The title of this post is a shameless rip-off of one of the techniques we learned on the first day of TSTP, but I think it speaks to the day as a whole, so, with apologies to Colin Hurley whom you’ll meet later in this post, I’m going to misappropriate liberally here, starting with breakfast:
Cafeteria tray in hand, I advance in the line manned by a trio of curt no-nonsense ladies, point to the scrambled eggs, receive the fried eggs instead, wisely retreat without argument, and maneuver towards the extra carbs which I’ll be having for breakfast in lieu of protein.
My next advance is far more pleasant as I find fellow TSTP classmates with whom to share the morning meal. After breakfast, we retreat to our respective rooms for bags and brollies (of course it’s raining), then maneuver the three minute trek to the Globe.
The day begins with a little history of Shakespeare’s Globe and its founder, Sam Wanamaker, introductions to the lovely Globe Education staff, including the very funny Patrick Spottiswoode, Education Director, and meet-and-greets with the 24 teachers who’ll be my classmates for the next three weeks. The Globe’s approach to education, especially for school-aged children, is expressed in two words: “Lively Action” (a/k/a performance), and after preliminary tours of the big stage and the new Sam Wanamaker Playhouse, which includes a rather lengthy Q&A on the use of “naked flames” via real-life candles in a wooden playhouse, we retreat for lunch and return to begin putting this lively action into practice.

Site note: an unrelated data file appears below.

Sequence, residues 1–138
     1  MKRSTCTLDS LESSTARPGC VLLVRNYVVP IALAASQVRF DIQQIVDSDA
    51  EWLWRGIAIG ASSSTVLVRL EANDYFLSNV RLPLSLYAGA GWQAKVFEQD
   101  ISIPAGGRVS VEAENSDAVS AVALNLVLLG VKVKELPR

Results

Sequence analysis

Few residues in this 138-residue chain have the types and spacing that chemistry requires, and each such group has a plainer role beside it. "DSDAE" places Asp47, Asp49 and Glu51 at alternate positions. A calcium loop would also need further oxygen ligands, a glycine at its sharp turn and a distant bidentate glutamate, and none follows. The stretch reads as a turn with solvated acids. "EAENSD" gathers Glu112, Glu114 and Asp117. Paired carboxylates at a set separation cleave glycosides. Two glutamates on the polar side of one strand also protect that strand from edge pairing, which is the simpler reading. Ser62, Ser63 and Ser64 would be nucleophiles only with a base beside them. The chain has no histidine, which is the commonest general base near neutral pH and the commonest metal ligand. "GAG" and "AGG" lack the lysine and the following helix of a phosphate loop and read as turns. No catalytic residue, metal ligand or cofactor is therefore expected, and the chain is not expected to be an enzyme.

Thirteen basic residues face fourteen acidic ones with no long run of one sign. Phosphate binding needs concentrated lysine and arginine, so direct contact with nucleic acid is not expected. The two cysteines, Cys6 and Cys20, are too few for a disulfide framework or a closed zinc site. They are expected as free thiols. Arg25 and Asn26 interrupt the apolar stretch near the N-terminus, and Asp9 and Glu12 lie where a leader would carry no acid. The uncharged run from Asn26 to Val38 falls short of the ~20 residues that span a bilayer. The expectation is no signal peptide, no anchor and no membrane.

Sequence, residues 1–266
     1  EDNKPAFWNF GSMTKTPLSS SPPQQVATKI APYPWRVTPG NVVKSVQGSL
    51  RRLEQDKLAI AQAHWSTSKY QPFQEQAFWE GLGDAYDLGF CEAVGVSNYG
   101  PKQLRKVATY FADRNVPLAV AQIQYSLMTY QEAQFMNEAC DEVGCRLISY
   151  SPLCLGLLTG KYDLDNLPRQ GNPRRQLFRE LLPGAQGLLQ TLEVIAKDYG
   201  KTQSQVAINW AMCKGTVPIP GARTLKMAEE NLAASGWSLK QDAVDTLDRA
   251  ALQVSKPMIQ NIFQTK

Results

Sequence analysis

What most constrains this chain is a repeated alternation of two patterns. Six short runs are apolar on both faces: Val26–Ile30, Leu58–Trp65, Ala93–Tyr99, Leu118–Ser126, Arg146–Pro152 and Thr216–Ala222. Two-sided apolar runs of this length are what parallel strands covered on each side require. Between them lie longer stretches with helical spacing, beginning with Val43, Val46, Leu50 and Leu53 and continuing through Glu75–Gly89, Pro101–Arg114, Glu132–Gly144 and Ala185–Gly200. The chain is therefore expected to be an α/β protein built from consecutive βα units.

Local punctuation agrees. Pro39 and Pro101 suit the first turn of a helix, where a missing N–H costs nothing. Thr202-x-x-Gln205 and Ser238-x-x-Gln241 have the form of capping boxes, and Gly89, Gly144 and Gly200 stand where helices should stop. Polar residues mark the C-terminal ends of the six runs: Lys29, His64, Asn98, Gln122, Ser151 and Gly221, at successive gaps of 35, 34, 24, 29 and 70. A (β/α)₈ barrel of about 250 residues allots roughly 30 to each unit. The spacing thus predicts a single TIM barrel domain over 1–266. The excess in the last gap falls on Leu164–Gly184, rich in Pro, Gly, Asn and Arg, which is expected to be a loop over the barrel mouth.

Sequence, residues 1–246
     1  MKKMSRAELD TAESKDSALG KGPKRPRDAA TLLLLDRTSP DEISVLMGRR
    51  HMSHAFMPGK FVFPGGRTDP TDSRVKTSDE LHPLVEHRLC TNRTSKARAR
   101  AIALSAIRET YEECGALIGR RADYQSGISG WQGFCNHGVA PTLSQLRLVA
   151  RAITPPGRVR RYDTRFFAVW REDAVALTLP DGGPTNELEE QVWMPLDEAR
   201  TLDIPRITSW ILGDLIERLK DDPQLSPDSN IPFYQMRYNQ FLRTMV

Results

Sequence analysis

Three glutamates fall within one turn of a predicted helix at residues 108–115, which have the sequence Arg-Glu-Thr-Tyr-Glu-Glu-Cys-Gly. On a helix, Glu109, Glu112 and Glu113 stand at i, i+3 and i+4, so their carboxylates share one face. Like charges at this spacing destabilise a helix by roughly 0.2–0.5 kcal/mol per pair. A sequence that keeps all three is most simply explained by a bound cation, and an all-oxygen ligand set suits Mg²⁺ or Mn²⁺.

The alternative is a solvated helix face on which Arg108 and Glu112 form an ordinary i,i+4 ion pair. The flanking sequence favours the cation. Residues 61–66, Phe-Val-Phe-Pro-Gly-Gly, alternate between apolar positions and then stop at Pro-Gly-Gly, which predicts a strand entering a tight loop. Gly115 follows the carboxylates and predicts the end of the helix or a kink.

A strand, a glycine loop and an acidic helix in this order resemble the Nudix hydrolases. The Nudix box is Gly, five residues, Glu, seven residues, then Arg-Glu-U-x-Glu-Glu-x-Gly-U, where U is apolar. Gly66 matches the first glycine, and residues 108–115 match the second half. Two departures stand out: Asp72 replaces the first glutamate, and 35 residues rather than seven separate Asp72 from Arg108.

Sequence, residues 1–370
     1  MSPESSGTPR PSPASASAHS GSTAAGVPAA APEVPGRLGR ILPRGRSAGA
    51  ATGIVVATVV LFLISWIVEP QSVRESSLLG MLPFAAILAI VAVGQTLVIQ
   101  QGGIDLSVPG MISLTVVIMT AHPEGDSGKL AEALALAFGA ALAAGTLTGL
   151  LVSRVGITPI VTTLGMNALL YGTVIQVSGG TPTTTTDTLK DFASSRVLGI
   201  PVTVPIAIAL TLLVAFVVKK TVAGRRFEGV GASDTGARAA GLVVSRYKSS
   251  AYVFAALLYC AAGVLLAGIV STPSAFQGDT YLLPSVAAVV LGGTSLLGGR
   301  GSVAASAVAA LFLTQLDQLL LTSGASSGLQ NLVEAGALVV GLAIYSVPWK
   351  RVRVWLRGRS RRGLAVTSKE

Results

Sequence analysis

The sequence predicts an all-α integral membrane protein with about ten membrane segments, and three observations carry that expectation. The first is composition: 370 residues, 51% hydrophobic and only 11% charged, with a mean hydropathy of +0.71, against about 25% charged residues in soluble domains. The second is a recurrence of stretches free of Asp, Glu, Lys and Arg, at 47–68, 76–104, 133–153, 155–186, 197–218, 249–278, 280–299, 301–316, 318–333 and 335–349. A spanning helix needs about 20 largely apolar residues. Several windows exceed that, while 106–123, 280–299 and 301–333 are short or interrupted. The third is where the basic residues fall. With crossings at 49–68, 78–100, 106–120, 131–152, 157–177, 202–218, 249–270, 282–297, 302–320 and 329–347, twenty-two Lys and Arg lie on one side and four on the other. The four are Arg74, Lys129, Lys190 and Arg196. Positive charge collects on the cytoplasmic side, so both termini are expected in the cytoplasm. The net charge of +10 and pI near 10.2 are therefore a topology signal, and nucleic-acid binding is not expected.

The afternoon’s workshops are held in a rehearsal room at The Globe’s Sackler Studios, where we had done our preliminary introductions earlier in the day. The proverbial party gets started the moment Fiona Banks, our facilitator, directs us to push our chairs aside; there’s no retreat from there: We self-reflect, draw pictures, improvise scene tableaux, and play “Crocodile, Crocodile, May I Cross the River?” in what seems like record time. This, it turns out, is just the warm-up for Colin Hurley, our first acting coach, and the source of this post’s title.
A sardonic “Hello Bastards” is Colin’s unique, not undeserved approach to us as he enters a room full of people (myself included) having retreated to our smart phones upon Fiona’s departure, and it’s all downhill from there in the best possible way. Colin’s session is a crash course in loosening up and losing control, which he only appears to do during the chaotic “circle time” in which he attempts to learn our names. We progress from the initial circle to three circles of performance: soliloquy ( “Now I am alone.”), dialogue (“Hello, my friend.”) and addressing a crowd (Hello Everybody!). Eventually we graduate to a few lines of As You Like It, our performance play, and the actual technique I’ve only vandalized here ’til now:
1. Advance: Look over the line, then speak it directly to your partner while taking a step toward him/her.
2. Retreat: Your partner does the same while taking a step back.
3. Maneuver: React to your partner by speaking the next line while stepping forward, backwards, or to the side as appropriate.
I’ll be using this one a lot– both in and out of class.